Academic journal article Intertexts

Christopher L. Miller. the French Atlantic Triangle: Literature and Culture of the Slave Trade

Academic journal article Intertexts

Christopher L. Miller. the French Atlantic Triangle: Literature and Culture of the Slave Trade

Article excerpt

Christopher L. Miller. The French Atlantic Triangle: Literature and Culture of the Slave Trade. Durham, NC: Duke UP, 2008. xvi + 571 pp.

Over the last decade scholars have shown a new interest in reconstructing the history of the French slave trade and slaveholding Atlantic. A scholarly consensus is slowly emerging around the notion that the history of French slavery and colonialism is central to any understanding of the larger themes in French and Francophone history from the seventeenth century to the present. Christopher Miller's The French Atlantic Triangle is a welcome contribution to this important subject. Miller rightly argues that France, Africa, and the Caribbean are tied together in a shared history of colonialism, slavery, and the slave trade. His goal in The French Atlantic Triangle is to reconstruct this history and illuminate its impact on modern French and Francophone cultural life.

The French Atlantic Triangle is a fascinating example of research that combines methods employed in history and Francophone literary studies in order to discuss the triangular slave trade that condemned 2 million Africans to slavery on France's Caribbean sugar islands and an untold number to their deaths during the Middle Passage. Miller's central interest here is exploring the ways in which the slave trade and its afterlife were represented in literature and in film from the eighteenth to the twentieth century in France, Africa, and the Caribbean. In the absence of any extant Francophone slave narratives, Miller persuasively argues that fiction and later film allowed writers and filmmakers to pour their "speculations and reflections" (92) into that void. French and Francophone writers separated by thousands of miles and hundreds of years were united by the desire to construct slave narratives and stories that played on the reader's sense of pity and shame, or desire for adventure, or to convey a powerful longing for home. The result is an ambitious and substantive work. Miller clearly succeeds in demonstrating a legacy of slavery and the slave trade in France and Francophone literature, yet the picture that emerges is a muddled one; the reader is left to make sense of competing, diverse, and sometimes divergent claims. In the end, The French Atlantic Triangle is more suggestive than persuasive.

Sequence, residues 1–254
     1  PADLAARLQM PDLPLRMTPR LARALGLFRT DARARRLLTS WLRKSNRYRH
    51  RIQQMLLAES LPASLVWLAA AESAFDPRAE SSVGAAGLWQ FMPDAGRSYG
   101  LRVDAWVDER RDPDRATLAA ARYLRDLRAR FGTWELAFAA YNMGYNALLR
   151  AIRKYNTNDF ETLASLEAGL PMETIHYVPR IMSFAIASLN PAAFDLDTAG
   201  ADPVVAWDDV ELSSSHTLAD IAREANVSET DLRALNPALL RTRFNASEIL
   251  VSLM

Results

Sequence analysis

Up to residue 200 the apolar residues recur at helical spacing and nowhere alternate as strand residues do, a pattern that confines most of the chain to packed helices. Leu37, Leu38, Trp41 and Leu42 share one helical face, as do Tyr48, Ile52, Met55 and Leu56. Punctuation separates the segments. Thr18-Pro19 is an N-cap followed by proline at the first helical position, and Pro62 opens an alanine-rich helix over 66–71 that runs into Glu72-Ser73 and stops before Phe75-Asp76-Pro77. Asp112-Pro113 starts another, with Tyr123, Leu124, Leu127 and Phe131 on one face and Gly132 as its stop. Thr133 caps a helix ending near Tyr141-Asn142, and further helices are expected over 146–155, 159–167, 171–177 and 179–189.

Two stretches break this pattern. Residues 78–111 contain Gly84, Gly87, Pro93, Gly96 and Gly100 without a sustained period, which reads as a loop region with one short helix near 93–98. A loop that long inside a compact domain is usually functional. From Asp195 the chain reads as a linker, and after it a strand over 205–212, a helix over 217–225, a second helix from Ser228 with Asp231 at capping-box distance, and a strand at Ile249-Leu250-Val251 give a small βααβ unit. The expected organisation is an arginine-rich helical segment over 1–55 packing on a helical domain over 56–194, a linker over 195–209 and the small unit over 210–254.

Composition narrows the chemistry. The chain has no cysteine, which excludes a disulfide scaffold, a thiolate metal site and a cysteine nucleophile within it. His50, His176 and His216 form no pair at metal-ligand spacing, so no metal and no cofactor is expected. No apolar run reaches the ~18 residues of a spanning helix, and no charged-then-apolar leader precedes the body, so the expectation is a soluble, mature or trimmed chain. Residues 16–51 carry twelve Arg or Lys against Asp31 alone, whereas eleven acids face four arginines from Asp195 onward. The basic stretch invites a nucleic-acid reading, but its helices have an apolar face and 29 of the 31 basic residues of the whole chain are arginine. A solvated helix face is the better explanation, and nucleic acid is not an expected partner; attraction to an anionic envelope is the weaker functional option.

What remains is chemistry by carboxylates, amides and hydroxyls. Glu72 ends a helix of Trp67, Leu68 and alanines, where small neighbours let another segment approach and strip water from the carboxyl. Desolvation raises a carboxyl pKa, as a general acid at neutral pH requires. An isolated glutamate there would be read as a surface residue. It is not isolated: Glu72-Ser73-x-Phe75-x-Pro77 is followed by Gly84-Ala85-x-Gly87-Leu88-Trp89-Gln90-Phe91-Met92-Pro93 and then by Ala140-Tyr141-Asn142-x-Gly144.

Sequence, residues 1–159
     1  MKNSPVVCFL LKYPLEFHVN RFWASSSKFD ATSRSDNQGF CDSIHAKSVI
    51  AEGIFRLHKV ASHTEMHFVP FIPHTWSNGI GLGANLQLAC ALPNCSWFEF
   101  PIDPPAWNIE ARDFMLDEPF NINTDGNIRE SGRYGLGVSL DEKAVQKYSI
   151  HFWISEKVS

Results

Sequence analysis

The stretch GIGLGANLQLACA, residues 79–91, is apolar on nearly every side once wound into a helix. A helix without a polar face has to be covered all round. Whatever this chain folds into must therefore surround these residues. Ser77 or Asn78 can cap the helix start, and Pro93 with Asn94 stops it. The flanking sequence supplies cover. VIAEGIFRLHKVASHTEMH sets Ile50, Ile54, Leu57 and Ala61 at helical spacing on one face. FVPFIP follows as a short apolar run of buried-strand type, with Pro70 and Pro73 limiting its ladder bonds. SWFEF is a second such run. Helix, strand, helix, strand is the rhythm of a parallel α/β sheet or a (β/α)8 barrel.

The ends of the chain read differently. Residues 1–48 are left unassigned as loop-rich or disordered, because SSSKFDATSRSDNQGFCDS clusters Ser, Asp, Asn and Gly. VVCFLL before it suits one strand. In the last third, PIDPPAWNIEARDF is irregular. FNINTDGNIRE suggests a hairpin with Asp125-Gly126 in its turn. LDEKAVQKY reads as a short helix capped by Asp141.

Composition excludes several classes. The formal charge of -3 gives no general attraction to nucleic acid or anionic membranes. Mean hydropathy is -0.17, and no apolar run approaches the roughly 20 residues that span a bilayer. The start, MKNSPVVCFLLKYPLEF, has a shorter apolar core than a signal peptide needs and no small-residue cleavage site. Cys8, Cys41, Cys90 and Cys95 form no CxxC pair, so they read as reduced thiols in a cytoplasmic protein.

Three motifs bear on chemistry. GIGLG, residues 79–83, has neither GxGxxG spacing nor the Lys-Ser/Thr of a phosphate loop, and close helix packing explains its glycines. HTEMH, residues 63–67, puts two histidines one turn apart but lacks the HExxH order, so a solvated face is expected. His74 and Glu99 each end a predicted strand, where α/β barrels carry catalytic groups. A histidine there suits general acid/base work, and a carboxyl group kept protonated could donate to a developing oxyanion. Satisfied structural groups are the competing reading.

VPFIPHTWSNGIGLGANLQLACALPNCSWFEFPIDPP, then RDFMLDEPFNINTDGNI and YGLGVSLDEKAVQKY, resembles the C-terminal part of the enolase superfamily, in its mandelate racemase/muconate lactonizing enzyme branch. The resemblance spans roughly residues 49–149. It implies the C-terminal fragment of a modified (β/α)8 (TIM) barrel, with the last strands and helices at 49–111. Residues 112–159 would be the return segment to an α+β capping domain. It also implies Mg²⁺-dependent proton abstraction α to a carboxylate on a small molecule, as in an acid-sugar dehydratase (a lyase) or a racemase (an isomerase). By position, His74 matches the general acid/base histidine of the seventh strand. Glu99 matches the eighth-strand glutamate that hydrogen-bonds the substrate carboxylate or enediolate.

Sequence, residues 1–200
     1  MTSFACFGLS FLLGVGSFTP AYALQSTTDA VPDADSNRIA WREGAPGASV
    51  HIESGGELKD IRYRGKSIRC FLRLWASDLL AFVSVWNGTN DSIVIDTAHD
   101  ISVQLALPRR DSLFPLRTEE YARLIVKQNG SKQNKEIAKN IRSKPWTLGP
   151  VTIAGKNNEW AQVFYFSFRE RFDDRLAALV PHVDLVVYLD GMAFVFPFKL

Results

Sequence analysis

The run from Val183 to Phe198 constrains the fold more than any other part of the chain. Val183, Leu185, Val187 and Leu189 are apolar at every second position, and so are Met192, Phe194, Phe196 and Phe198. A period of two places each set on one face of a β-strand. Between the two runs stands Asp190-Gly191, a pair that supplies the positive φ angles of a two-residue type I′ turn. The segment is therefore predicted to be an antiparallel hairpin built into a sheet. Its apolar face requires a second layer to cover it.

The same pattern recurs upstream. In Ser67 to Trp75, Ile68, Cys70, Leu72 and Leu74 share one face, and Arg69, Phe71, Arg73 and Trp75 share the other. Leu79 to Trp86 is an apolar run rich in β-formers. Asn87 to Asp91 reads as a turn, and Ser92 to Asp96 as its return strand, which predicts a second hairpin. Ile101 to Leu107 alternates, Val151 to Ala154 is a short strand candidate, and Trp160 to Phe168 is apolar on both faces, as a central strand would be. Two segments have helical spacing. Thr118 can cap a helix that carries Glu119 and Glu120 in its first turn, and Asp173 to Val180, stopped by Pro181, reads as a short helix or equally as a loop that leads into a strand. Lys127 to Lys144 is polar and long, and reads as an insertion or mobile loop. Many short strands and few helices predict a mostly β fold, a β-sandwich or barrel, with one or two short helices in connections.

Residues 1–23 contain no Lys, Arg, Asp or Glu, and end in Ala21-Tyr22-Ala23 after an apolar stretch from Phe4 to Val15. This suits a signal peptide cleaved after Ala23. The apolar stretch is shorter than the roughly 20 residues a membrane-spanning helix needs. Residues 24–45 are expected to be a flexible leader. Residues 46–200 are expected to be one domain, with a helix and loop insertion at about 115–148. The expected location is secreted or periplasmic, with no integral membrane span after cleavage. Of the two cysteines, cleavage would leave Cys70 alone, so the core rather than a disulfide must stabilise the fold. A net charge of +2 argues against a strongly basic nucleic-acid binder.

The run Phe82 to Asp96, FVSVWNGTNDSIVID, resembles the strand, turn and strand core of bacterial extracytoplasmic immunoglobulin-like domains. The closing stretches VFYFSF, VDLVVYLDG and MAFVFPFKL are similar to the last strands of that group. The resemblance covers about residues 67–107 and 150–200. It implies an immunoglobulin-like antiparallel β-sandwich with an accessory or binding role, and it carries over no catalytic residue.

The book is organized into fourteen chapters, divided into four sections, arranged chronologically and geographically. Part 1 (chaps. 1-4) is largely synthesis. Drawing heavily on the work of historians of slavery and the slave trade, Miller outlines the details of the triangular trade from its inception in the mid-seventeenth century to its first abolition in 1794, and final suppression in 1848. Chapters 1 and 2 will be a review for anyone familiar with the history of this period. Chapter 3 focuses on the Enlightenment and the slave trade. Miller rightly notes that the Enlightenment coincided with the height of French slaving activity. Examining works by Montesquieu, Rousseau, and Voltaire, Miller argues that the philosophes were never much interested in the plight of African slaves, and when they did speak out on the issue it was with heavy irony or wit that only diluted their message. Miller's analysis is convincing, though he seems unjustified in suggesting that Voltaire remained mostly quiet on the issue because he was heavily invested in the slave trade. There is no evidence for that assertion.

Part 2 (chaps. 5-8) covers the period from the French Revolution to the Bourbon Restoration during which time France experienced complete upheaval from the slave rebellions in Martinique in 1789 and Saint Domingue in 1791, to the abolition of slavery in 1794 and its reimposition under Napoleon. Focusing on the writings of Olympe de Gouges, Germaine de Stael, and Claire de Duras, Miller labels the three as abolitionists because in their works they created sympathetic black characters, critiqued racial prejudice, and instilled pity in their readers. …

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